Let me briefly consider some of the main ways in which we have pulled marriage, sex, and children apart. I think you will see how new possibilities for doing so continue to emerge, and perhaps you can also think of others that I have inadvertently missed.
Separating marriage from children.
First, we have the obvious high rates of out-of-wedlock births. A little over 40% of all births in the United States are to unmarried women, a figure that ranges from a low of about 16% for Asian-Americans to a high of over 70% for African-American women. The proportion of these that occur within cohabiting unions and are even intended has been increasing rapidly, from 41% in 2002 to 58% in 2006-2010. Given the awful instability of cohabiting unions, along with higher levels of pathology in such households (which I will tackle in an upcoming blog, and which are well-documented by research) this is not a good thing. Moreover, most Americans now find out-of-wedlock child-bearing to be morally acceptable. So, we have lots of babies being born to unmarried women, it is increasingly intentional, and generally Americans are fine with it.
Second, we have our incredibly high divorce rate. Often, this means separating children from an existing marriage. Roughly 40 to 50% of marriages in recent decades have or will end in divorce, and the presence of children does not appear to lower the risk.
Putting these two realities together, a grim picture emerges. According to the U.S. Census, as of 2013, only 58.5% of children under the age of 18 lived with two married biological parents, with about another 1% having two adopted parents. For African-American children, the situation was especially grim: in 2015 only 34% lived with two married parents, and this latter percentage includes kids living not only in adoptive homes but with a step-parent. And many of these children who are living with two married biological parents today will see their parent’s marriage break up before they turn 18. In recent decades, about half of all children in America see their parents divorce before they turn 18, and of those who do, another half will witness the divorce of a parent’s subsequent marriage as well prior to age 18. About one million children a year experience parental divorce.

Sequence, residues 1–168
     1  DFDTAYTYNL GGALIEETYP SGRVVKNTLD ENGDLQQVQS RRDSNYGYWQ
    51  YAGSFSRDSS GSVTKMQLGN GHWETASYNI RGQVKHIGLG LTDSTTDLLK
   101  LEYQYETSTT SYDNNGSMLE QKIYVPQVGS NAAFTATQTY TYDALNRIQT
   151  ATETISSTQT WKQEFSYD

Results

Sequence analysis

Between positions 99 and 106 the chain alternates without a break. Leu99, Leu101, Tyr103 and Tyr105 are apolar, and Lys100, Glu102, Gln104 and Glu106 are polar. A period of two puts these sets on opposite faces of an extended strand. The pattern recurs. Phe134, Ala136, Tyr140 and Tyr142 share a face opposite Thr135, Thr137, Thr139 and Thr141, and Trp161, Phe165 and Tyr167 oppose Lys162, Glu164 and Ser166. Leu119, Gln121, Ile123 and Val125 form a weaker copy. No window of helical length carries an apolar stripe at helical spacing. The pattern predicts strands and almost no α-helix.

Separating sex from children
The most obvious thing here is of course contraception. I personally don’t see this as necessarily a bad thing, and believe there are good reasons why married couples might choose to limit child-bearing. My more conservative Roman Catholic friends (unlike most Catholic people generally) would disagree with using any device or pill to prevent conception, and I respectfully dissent. Used however to enable out-of-wedlock sex, this is a wrongful use of this technology. As we saw above, cheap and easily available contraception has not helped us that much with STD’s or out-of-wedlock births.